I vaguely remember, as a young student, getting up to offer my seat to various folks. Older men/women, pregnant ladies and such. So being treated special was mainly a case by case basis, based on the situation, need and maybe even relationship?
I thought of work-life balance, of breaks in careers, of maternity leaves, or house husbands, of daddy daycares, of army enlistments, of difference in salaries, of learning basic survival skills and my head reeled.
..and then I wondered. Do we, women itself know the difference enough? Enough to not get enraged when a gentleman offers his seat or opens the door for us, or offers to pick up the tab for coffee? Do most of us allow such only because it suits us to be feel special? Or maybe it’s the tone and the undercurrents that decide if we accept such a gesture as a sign of being made to feel special or that we are a kind of wards and that they are “looking out for us”.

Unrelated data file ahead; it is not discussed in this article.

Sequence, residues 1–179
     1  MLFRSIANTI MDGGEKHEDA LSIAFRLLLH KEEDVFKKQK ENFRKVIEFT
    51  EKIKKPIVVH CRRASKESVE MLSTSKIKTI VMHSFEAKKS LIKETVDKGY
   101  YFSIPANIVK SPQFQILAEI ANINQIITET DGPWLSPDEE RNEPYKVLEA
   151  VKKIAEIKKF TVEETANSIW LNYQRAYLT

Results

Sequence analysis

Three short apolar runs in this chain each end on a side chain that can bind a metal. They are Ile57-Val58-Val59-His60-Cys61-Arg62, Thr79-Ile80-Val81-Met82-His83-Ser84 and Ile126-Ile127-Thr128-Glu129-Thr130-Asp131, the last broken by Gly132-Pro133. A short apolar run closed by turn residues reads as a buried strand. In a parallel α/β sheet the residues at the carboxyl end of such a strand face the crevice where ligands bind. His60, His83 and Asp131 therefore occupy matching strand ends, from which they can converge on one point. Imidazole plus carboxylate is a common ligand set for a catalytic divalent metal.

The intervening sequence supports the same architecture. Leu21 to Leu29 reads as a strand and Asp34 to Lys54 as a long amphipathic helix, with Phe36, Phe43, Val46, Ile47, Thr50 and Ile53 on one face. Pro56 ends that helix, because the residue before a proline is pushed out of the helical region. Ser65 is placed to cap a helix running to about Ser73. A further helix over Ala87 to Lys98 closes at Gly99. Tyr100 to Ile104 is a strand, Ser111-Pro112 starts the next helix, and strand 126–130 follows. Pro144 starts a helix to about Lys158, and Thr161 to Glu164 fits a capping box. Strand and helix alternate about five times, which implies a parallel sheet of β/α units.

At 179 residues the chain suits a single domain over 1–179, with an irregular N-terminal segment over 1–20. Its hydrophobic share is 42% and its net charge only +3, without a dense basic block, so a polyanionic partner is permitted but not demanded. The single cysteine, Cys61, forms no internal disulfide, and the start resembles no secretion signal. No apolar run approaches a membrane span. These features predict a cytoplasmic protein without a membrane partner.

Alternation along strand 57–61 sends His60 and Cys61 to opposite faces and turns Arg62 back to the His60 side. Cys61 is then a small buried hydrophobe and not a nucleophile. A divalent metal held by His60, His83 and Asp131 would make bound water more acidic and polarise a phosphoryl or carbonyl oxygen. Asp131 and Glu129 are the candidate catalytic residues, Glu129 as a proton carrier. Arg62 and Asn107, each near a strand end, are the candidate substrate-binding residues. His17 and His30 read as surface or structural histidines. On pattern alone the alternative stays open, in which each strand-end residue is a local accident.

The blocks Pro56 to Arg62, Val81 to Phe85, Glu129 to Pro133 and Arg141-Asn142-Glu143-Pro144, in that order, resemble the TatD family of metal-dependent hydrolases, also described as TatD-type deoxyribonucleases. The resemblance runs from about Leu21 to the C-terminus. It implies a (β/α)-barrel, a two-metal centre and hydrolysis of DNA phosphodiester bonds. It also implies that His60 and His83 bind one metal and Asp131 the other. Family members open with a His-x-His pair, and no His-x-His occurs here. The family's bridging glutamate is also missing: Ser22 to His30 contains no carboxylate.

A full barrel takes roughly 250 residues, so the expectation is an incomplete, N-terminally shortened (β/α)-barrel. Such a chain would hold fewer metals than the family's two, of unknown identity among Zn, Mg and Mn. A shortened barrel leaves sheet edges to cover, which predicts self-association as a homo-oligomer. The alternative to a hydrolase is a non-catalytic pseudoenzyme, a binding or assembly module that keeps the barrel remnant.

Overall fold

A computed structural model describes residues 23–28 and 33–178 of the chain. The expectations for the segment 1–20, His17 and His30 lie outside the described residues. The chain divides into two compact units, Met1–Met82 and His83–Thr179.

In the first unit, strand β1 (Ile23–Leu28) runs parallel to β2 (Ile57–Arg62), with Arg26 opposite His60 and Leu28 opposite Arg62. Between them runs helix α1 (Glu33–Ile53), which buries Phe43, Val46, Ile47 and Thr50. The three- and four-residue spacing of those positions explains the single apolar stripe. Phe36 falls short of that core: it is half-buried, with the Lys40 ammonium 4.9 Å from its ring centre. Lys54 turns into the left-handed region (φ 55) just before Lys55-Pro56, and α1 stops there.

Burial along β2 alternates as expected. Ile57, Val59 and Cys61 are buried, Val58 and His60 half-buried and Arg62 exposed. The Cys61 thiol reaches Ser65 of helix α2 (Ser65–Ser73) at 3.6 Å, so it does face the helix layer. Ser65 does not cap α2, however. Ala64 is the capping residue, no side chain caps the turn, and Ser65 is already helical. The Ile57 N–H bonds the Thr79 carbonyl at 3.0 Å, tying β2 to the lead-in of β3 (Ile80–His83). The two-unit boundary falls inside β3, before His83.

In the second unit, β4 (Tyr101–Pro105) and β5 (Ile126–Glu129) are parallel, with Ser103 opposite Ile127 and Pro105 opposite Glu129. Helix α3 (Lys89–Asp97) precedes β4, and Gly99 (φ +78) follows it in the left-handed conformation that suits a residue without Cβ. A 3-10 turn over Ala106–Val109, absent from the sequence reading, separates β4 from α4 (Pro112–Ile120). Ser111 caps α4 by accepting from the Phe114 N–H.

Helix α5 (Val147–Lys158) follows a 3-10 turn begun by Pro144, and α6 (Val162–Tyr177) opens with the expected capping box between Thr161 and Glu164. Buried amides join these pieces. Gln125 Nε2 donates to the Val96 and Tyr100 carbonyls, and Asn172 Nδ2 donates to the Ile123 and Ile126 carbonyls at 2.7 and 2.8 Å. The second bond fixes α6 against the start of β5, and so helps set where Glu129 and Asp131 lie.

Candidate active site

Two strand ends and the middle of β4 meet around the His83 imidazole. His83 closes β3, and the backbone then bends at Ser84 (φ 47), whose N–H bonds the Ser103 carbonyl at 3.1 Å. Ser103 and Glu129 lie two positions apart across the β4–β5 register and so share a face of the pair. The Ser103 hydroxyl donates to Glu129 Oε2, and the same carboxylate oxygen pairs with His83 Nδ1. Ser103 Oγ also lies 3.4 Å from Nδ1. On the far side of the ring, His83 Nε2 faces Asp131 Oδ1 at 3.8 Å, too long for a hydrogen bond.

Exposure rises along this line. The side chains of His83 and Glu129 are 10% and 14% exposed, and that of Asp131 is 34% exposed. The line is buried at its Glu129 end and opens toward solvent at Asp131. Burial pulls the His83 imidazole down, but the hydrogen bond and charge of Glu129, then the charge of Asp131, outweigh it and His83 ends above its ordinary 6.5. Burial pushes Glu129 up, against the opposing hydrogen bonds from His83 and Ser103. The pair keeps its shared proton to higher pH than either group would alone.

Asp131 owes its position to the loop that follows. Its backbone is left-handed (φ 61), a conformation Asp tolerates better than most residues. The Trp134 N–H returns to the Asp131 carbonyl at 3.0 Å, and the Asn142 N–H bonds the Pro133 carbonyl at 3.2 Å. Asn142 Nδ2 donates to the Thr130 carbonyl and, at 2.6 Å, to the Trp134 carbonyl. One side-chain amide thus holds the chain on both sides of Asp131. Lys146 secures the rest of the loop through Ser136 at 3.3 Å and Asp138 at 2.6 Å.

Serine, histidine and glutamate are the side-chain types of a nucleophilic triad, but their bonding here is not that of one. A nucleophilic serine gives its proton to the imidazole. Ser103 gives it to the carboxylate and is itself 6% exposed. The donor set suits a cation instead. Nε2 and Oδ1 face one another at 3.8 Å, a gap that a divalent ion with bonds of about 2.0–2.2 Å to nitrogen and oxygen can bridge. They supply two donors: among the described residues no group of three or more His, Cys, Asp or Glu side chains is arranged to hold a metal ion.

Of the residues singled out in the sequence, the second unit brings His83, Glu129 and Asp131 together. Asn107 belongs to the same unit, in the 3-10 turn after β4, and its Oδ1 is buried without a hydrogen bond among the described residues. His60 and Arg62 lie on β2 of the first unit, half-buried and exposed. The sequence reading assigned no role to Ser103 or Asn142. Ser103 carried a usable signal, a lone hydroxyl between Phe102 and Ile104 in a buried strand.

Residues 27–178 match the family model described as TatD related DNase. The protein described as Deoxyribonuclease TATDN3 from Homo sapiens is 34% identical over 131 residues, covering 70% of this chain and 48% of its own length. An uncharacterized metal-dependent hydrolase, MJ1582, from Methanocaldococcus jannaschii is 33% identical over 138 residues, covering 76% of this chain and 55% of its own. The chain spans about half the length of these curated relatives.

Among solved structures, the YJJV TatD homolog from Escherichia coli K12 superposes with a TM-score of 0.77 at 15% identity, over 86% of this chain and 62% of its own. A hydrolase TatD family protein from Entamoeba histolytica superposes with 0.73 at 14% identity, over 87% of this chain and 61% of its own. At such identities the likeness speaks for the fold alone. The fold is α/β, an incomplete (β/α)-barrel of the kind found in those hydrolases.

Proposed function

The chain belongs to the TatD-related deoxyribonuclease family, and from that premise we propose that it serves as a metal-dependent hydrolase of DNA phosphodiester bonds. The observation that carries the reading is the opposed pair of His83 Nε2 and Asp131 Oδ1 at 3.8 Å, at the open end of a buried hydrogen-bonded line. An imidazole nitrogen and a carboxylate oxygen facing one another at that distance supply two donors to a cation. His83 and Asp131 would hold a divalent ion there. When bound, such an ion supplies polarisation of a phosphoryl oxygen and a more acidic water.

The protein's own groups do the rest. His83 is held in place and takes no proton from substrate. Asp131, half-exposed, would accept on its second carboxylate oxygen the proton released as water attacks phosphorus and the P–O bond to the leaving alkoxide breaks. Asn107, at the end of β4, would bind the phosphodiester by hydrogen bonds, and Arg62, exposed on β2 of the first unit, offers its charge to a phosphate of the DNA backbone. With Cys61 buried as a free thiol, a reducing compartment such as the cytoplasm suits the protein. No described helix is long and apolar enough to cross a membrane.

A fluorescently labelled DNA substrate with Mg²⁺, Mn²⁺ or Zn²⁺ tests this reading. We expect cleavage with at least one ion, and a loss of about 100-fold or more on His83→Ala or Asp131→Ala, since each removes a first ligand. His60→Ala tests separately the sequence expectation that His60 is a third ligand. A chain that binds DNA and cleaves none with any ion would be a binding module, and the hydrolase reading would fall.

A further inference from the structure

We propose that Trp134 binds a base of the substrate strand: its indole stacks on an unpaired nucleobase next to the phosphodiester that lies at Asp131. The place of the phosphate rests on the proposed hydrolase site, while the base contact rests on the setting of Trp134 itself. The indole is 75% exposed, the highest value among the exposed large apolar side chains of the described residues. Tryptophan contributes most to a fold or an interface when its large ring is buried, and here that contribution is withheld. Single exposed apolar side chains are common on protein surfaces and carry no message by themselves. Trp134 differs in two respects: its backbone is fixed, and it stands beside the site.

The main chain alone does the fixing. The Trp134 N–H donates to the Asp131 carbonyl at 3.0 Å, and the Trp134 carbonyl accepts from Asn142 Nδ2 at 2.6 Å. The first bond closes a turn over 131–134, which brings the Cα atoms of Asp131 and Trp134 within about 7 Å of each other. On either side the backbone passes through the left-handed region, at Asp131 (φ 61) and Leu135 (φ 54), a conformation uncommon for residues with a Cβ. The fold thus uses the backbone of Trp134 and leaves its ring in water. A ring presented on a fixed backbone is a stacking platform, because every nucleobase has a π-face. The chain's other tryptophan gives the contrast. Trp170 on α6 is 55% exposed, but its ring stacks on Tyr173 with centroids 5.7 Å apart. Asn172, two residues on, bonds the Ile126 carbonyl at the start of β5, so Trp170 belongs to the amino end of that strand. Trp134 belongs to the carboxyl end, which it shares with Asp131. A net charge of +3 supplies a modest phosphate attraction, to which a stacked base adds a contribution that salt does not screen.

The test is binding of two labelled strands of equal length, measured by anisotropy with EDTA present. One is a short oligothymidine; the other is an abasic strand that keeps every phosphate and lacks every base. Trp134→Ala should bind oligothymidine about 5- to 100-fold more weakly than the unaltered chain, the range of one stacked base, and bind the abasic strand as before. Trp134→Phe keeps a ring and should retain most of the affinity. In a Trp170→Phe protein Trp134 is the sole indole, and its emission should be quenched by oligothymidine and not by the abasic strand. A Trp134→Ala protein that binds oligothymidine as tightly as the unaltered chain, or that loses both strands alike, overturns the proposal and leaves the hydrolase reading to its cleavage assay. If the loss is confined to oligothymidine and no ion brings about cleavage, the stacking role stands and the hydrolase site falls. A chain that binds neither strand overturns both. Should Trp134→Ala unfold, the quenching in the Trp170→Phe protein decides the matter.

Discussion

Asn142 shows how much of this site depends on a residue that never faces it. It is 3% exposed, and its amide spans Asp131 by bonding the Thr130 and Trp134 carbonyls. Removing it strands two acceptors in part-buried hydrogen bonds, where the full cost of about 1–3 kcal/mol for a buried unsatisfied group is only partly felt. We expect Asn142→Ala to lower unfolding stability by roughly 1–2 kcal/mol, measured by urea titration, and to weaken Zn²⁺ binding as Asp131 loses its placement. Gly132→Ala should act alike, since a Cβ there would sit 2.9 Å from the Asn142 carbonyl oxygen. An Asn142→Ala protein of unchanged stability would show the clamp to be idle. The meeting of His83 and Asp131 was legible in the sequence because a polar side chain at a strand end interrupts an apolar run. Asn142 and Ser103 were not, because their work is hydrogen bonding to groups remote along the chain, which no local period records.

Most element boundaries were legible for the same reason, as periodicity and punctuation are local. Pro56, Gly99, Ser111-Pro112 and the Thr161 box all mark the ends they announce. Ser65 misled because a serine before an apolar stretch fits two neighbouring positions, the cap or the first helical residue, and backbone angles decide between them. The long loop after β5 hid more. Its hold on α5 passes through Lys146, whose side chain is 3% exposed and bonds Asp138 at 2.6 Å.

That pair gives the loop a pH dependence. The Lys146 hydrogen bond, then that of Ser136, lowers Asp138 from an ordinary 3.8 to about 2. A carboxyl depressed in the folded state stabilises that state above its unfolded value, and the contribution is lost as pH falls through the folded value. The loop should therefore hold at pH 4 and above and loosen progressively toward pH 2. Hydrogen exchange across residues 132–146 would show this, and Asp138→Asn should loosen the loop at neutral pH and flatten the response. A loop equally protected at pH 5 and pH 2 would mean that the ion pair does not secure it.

I like my dad looking out for me. I like my husband/son picking up the heavy suitcases off the baggage carousel. Doesn’t make me less of a person/woman. They sit back while I get the taxi guy going.
Reminds me of this incident recently. A friend and I were biking (cycling) and she was wearing a skirt (skort) and I was in leggings. An elderly gentleman was crossing at the pedestrian while we waited at the stop sign. He smiled and waved to us, as just as he crossed us, he looked at my friend and said “Biking in a dress, impressive!”. We just smiled back and she rolled her eyes at me and we were off.
At the next stop, she asked me this “So what did you think of that comment on my dress?”